It would be rash to write off Cadel Evans’ chances of winning this year’s Tour de France, even if Andy Schleck’s performance Thursday almost defied belief, writes Anthony Tan from Galibier Serre-Chevalier.
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7 Apr 2015 - 11:32 PM  UPDATED 13 Apr 2015 - 3:37 PM


They really rode fast at the front; I don't quite understand how they made so much time
When Schleck the Younger made his bid for victory with some 60
kilometres to go on the Col d'Izoard, did Cadel Evans or any of the
other favourites make a mistake?

No – after two-and-a-half week's mediocrity, no-one could predict that Andy Schleck would last as long and as strong as he did.

And
unlike those on other teams, Leopard-Trek dished out a card their
adversaries could not afford to play, for only the team from Luxembourg
had two bona fide contenders-in-waiting.

"I was sitting right
behind [Andy Schleck], watching him getting ready to attack," said Evans
at the top of the Galibier Thursday, after singlehandedly bringing
himself back into contention with a sterling performance in the final 10
kilometres of the 200.5km Alpine slog.

"I was ready, but I was more looking at the time gaps and the numbers. I can't control an attack 30K [or more] out.

"And
if Andy comes back, Fränk's probably going to go away. With Andy away,
there's only one I have to control in the final. Just on a numbers
basis, 20-30k block-headwind, up a valley… we are 40 [strong] with one
to nine guys riding at the front, and they are four riding at the front.


"They really rode fast at the front," he said. "I don't quite understand how they made so much time."

Furthermore, Evans had no idea the maillot jaune
of Thomas Voeckler, or Damiano Cunego, or Ivan Basso, or Alberto
Contador, or Samuel Sanchez – the latter pair clearly on a bad day –
would be unable to contribute to the chase.

I say unable because
if they could and chose not to, then I would immediately label them a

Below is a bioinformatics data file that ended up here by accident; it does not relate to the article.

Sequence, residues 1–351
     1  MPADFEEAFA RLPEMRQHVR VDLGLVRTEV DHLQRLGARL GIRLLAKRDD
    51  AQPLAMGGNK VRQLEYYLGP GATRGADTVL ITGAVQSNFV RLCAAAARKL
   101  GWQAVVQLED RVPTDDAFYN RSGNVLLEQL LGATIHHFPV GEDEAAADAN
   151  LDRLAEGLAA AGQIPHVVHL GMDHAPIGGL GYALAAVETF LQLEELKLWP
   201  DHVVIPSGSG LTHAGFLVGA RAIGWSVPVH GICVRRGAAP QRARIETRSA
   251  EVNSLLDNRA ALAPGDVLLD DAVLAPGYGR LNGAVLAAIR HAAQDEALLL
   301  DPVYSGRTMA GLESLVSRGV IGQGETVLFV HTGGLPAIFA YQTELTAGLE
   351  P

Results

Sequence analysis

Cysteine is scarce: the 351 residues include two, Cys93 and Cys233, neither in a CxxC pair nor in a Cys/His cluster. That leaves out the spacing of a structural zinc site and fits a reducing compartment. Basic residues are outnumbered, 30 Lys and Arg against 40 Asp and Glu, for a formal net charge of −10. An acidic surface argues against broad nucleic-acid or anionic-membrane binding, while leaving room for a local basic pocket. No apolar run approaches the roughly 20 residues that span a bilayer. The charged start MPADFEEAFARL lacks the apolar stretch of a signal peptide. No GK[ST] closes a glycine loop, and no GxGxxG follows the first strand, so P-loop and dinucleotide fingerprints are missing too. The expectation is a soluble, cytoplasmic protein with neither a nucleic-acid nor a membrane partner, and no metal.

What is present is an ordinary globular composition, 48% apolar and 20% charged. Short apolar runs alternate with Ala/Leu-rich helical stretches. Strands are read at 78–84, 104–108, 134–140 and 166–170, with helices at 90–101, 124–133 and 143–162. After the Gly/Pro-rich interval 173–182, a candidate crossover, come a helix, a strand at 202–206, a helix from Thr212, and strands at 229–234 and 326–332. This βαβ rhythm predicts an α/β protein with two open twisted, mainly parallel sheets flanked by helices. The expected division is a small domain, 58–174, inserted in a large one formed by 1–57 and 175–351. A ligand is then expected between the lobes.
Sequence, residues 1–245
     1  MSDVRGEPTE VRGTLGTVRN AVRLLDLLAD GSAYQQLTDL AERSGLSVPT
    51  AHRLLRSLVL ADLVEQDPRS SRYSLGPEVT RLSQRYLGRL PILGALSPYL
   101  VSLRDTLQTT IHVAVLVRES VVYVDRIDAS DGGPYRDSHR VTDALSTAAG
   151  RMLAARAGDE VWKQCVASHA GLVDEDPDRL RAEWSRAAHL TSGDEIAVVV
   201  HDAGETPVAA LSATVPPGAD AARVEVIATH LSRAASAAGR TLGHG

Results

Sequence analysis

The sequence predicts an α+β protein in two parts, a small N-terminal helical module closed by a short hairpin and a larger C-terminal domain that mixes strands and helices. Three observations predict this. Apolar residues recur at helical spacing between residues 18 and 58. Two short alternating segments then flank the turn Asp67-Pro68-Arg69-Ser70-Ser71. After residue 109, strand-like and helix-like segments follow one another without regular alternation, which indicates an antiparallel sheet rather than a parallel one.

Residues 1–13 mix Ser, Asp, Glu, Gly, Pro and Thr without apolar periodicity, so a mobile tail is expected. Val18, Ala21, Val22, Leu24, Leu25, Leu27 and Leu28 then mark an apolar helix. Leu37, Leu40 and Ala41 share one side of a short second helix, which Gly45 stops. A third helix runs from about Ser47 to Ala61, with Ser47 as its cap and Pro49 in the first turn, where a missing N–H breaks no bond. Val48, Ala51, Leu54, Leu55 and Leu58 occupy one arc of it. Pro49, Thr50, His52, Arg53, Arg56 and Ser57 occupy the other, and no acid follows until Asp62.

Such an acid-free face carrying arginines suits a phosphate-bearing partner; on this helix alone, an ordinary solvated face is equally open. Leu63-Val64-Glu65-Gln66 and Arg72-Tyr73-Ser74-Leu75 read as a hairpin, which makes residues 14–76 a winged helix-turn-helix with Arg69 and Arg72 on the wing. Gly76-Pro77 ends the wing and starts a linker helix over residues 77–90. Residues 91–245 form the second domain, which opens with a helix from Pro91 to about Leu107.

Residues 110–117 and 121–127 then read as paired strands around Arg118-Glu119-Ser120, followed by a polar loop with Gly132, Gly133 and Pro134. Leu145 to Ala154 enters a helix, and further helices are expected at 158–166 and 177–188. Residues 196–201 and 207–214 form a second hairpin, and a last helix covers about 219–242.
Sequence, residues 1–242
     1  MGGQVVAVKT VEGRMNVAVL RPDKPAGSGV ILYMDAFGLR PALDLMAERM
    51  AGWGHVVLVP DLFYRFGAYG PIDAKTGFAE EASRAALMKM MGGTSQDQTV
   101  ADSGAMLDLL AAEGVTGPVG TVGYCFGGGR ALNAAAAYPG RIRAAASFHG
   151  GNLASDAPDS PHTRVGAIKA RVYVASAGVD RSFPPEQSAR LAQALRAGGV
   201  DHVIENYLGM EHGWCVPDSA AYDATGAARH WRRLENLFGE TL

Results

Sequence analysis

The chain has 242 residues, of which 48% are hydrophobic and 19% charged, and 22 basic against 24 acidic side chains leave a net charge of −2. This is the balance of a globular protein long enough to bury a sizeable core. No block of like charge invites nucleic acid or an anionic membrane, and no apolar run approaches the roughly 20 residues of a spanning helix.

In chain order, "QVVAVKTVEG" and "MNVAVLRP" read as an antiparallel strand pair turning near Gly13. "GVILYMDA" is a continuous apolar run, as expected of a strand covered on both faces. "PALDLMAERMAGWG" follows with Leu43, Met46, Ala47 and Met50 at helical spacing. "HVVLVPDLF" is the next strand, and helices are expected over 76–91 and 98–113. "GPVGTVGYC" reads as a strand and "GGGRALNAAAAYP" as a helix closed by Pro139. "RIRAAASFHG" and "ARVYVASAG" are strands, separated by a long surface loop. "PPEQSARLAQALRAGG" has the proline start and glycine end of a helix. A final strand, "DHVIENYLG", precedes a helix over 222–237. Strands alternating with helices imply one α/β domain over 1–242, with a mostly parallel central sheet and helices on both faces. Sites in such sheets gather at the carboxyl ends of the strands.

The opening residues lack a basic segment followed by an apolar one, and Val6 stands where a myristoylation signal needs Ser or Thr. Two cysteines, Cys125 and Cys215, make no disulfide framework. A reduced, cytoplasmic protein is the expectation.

bunch of buffoons, for they all had as much to lose as him.

Interestingly, Evans singled out one team he felt should have contributed but didn't.

"I
had to put it on the line," said the BMC leader, "because it was my
tour to win and mine to lose. It's also a bit bizarre when Voeckler's
team stops riding and he has the yellow jersey.

"They've ridden a
lot all week, but he still had a team-mate in the end and just sort of
looked at me to do the work, but I'm alone, too."

* * *

Whatever the case, this Tour de France grows ever the more beguiling.

I
would say at this point, and with Friday's stage to Alpe d'Huez
looming, there are only four riders left capable of winning, though more
likely three; those being the Schlecks and Evans.

Unless, of
course, Cunego, Basso, Samuel Sanchez or Contador stage the impossible
and do what Andy Schleck did today – but even more daring. However, the
short, intense stage we have on paper – just 109.5km long including
42.4km of climbing – does not really lend itself to such a move,
especially given the all-important Grenoble time trial on Saturday,
which could see any gains reversed if one goes too deep.

Clearly,
if Schleck the Elder is to win this year, he must attack à la Carlos
Sastre at the 2008 Tour. And if Evans is to win this year, then he must
keep his deficit to either of the Schlecks to around two minutes –
though preferably one-and-a-half minutes or less – before the Saturday's
42.5km race against the clock.

"[The time trial] was always
going to be crucial," said Evans, "but as long as we are within one or
two minutes of each other… [It is] such a hard time trial, there can be
big gaps if you arrive there a little less fatigued than those around
you."

And if Voeckler is to win this year, well, I think I'll fall off my chair.

His body language and demeanour suggest he's nine-tenths cooked. But if he somehow manages to keep the maillot jaune
coming into the final time trial, the power of the golden fleece he's
been wearing the past nine stages may just make the impossible,
possible.

Follow Anthony on Twitter: @anthony_tan